Nintendo’s E3 treehouse began with Reggie talking about the history of the Legend of Zelda’s history as an open world game. 30 years ago, it allowed you to explore a world at your leisure and break the traditional game sequence if you wanted just by exploring the area in a different way. Hidden items could be found through manipulating the in-game world with bombs and object movement, and that trend continued as time went on. Legend of Zelda II: Adventure of Link gave you a blend of an overhead world and side-scrolling action, but was rough around the edges. The third entry was the iconic Link to the Past, and returned things to the original game’s formula.
In doing so, a level of refinement was reached that wasn’t there before and the open-world aspect expanded a bit with light and dark worlds to explore. It was a solid improvement on the original, but didn’t reinvent the wheel in that regard and those seeking that were left a bit underwhelmed. However, a new level of immersion was reached with things like rain adding a lot of atmosphere to the experience. The more powerful SNES hardware gave the characters more expressions too, and allowed you to get into the plot more than before – where it was limited and more Point A to B with a limited scope.
Ocarina of Time brought the series into the third dimension, and gave you the greatest amount of freedom available in the franchise to date. Beyond having the entire land of Hyrule to explore and find new characters and areas, you could also play a lot of mini-games. This diversity gave players the most amount of sheer things to do and introduced a lot of NPCs. You had the Mario and Luigi expies as farmers, you could ride Epona and engage in the best horseback riding to date in a game. At night, you could do that and defeat enemies on horseback while exploring the vast open fields of Hyrule.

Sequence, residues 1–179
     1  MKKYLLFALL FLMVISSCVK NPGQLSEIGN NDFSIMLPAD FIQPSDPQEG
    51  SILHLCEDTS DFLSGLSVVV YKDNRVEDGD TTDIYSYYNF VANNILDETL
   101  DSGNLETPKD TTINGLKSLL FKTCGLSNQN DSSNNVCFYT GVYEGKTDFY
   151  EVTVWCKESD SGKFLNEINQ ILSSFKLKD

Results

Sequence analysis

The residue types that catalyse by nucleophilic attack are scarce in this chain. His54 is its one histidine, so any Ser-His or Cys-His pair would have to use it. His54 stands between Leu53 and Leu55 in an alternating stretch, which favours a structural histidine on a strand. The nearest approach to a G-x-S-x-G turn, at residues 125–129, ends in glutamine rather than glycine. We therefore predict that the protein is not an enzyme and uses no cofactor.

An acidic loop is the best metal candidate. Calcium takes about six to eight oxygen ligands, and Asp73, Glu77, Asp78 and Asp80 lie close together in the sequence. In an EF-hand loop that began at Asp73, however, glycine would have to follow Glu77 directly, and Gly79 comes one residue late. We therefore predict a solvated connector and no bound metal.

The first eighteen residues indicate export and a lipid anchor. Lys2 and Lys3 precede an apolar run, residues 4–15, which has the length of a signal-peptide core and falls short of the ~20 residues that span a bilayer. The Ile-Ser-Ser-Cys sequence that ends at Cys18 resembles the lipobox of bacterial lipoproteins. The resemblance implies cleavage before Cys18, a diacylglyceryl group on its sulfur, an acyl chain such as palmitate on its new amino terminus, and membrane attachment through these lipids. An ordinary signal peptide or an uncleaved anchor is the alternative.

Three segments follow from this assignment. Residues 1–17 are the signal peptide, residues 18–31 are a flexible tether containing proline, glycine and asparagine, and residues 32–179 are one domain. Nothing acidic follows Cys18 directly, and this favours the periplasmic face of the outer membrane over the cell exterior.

No Zelda game since has really gone beyond that level of open-world gameplay though – until now. Breath of the Wind’s initial trailer showed Link being beckoned by a female voice to open his eyes – bringing us the franchise debut of full-on voice acting. Sweeping views of brightly-lit grasslands lead to elk and deer running before Link jumps off a cliff and uses a makeshift paraglider to make his way down to the surface. Link can now traverse things through more than just jumping and hanging. Climbing is going to play a large part in making your way around the world and we now know that Link will be able to scale trees and large structures.
While that changes things up to some degree, Link begins this adventure he always does – by waking up. Only now, instead of it being in his house, he’s in the mysterious Shrine of Resurrection. The female voice summons him to the Sheikah Slate – a tablet with a screen on it that will seemingly be Link’s version of the Gamepad screen. Mushrooms are used to restore health – replacing hearts from past games. Link can climb up any vertical structure – but his endurance is shown in a gauge much like Shadow of the Colossus. With the large enemies shown in video form, one has to wonder if we’ll get a couple of homages to it during boss battles.